Aguilera-Ross makes precisely such a showing.  Citing numerous cases over the past several years in which the Court of Appeal affirmed convictions for, among other things, "possession of [a] replica muzzle-loading pistol," possession of a "family heirloom replica single-shot muzzle-loading rifle incapable of using modern ammunition," and an "old-style cap and ball pistol that was rusted and would fire only one shot at a time and had to be reloaded each time to fire." Oops. So the thing that the Supreme Court implicitly thought would never actually happen does indeed happen in our great state.  Which means, in turn, that Aguilera-Ross prevails. Pursuant to the express word of the United States Supreme Court itself.  Notwithstanding the fact that those words were half made in rhetorical jest. Proof positive that law, like reality, is sometimes even stranger than fiction.

Monday, June 16, 2014

Ruiz v. Affinity Logistics Corp. (9th Cir. - June 16, 2014)

The Ninth Circuit has not been kind to S.D. Cal. district judge Janis Sammartino.

In 2009, Judge Sammartino held a three-day bench trial in a wage-and-hour class action and found for the plaintiffs.  She held that whether the truck drivers in that case were employees (as aruged by plaintiffs) or independent contractors (as argued by defendants) should be decided according to Georgia law.

Two years ago, the Ninth Circuit reversed.  California law applies.  Try again.

So she did.  Briefs get filed, Judge Sammartino reviews her prior decision, and holds that the result is the same under Califonia and Georgia law.  No dispositive difference.  Defendants win again.

Nope.  The Ninth Circuit today reverses again.  Under any view of the evidence, the Ninth Circuit holds, plaintiffs are entitled to win.  They were employees.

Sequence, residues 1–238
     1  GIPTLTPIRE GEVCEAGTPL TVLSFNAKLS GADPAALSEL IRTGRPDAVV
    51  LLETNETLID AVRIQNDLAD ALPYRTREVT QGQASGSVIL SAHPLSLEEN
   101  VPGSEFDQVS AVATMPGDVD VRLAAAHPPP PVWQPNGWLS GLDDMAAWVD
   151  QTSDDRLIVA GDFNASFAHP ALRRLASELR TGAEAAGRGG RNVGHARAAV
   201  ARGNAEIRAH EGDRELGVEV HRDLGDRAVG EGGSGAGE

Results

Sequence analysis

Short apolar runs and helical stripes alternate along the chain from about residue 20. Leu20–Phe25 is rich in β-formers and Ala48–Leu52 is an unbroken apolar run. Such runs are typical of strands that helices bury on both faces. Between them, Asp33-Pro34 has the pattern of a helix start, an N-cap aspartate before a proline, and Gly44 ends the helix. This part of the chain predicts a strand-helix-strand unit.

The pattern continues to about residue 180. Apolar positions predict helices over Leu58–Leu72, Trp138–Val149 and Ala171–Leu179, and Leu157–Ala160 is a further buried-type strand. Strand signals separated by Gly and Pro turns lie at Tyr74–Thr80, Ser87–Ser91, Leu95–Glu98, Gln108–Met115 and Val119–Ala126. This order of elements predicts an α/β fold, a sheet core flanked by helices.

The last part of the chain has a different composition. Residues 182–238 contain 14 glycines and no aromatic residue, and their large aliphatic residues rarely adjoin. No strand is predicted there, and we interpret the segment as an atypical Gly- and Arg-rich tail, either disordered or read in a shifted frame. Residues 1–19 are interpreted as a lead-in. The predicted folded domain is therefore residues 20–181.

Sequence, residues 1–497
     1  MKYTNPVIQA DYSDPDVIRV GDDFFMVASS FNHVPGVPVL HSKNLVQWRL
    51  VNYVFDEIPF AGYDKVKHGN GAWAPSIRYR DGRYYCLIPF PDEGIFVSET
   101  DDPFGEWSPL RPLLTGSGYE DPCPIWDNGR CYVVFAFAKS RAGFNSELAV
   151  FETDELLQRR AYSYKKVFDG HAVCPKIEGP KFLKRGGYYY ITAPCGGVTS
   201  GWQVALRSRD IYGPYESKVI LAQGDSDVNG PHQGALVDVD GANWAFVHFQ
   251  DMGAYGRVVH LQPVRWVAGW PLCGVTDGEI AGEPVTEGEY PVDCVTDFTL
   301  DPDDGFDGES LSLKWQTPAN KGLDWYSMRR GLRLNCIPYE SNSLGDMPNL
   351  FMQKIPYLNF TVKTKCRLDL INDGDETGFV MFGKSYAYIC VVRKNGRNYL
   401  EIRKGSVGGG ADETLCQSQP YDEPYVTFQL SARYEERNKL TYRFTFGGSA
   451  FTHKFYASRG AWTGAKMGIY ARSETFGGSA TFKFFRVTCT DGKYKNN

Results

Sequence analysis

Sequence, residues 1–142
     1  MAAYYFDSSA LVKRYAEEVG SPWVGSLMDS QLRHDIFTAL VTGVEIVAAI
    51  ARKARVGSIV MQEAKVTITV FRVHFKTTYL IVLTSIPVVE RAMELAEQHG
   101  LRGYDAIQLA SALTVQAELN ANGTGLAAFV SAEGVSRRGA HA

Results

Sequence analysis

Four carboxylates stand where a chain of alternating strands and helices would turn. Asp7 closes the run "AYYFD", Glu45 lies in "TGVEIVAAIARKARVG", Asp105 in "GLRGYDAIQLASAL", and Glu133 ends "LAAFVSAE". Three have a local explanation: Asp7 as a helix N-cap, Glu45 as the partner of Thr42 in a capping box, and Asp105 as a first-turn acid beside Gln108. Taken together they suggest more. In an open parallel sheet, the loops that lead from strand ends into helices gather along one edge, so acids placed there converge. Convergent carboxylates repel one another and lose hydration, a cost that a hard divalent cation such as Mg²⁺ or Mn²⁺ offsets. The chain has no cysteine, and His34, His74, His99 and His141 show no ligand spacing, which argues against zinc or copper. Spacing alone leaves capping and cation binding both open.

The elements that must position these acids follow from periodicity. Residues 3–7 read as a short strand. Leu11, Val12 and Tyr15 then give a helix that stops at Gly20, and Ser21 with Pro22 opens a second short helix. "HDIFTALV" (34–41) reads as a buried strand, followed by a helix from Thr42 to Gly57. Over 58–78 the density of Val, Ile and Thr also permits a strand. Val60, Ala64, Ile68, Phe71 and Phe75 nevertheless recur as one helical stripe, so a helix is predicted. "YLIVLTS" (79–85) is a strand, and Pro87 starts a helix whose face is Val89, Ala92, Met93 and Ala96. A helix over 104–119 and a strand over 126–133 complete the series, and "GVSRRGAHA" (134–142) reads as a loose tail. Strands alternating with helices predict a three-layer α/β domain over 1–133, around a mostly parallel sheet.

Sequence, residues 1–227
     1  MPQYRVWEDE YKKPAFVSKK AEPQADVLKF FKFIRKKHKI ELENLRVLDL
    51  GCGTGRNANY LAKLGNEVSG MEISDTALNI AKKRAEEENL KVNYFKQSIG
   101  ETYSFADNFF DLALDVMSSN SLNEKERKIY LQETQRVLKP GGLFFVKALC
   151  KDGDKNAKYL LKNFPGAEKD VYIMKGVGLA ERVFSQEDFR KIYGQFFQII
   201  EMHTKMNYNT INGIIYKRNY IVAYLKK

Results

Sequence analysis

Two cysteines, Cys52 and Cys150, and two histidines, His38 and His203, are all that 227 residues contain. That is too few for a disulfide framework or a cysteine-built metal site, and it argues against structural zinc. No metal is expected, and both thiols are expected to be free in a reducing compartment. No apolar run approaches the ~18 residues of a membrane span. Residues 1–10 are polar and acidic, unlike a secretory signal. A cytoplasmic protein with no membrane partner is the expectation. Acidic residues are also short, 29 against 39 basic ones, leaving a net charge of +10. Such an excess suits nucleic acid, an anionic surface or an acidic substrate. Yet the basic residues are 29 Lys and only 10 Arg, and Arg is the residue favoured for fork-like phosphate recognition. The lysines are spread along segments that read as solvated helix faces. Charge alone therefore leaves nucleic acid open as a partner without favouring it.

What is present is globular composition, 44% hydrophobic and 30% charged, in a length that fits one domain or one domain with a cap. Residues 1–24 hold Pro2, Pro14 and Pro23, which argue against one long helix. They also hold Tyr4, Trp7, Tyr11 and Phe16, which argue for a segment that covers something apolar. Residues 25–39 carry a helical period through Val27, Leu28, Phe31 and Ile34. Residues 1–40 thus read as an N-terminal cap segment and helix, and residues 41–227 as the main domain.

And this time, the Ninth Circuit doesn't even need oral argument.  Decides the case on the briefs.

But thanks for trying.

Friday, June 13, 2014

Reddam v. CIR (9th Cir. - June 13, 2014)

I can't tell you how unsympathetic I find the founder of DiTech -- the well-known home mortgage company -- to be here.

Yes, I understand that rich people don't want to pay taxes.  Who does?  So when John Reddam sells his company to GMAC Mortgage and makes many, many tens of millions of dollars, yes, I get that he does not feel like paying any taxes on it.

I also understand why places like KMPG like to latch on to these desires and invent creative offshore Cayman Islands schemes to "shelter" such gains from taxation.  Namely, because KMPG will make a boatload of money off of selling these things.

So everyone's motives are understandable.

But I also can't help but be entirely happy that the Tax Court -- as well as the Ninth Circuit -- frustrate these desires and hold that the relevant tax schemes employed by KMPG and Reddam "lack economic substance" and hence don't work.

Judge Hurwitz writes a really good opinion that explains why.  Not why I'm happy, of course.  But why these schemes do indeed lack economic substance.